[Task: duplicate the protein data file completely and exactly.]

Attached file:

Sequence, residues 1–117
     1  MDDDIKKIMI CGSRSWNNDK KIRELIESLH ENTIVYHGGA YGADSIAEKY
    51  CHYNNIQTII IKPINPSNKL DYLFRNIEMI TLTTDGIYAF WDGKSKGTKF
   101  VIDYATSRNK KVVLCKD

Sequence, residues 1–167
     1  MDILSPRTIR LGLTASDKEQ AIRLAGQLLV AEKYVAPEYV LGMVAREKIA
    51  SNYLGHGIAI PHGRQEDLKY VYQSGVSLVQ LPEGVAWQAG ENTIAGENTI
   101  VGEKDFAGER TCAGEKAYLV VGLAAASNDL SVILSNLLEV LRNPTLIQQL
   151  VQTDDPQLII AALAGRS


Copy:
Sequence, residues 1–117
     1  MDDDIKKIMI CGSRSWNNDK KIRELIESLH ENTIVYHGGA YGADSIAEKY
    51  CHYNNIQTII IKPINPSNKL DYLFRNIEMI TLTTDGIYAF WDGKSKGTKF
   101  VIDYATSRNK KVVLCKD

Sequence, residues 1–167
     1  MDILSPRTIR LGLTASDKEQ AIRLAGQLLV AEKYVAPEYV LGMVAREKIA
    51  SNYLGHGIAI PHGRQEDLKY VYQSGVSLVQ LPEGVAWQAG ENTIAGENTI
   101  VGEKDFAGER TCAGEKAYLV VGLAAASNDL SVILSNLLEV LRNPTLIQQL
   151  VQTDDPQLII AALAGRS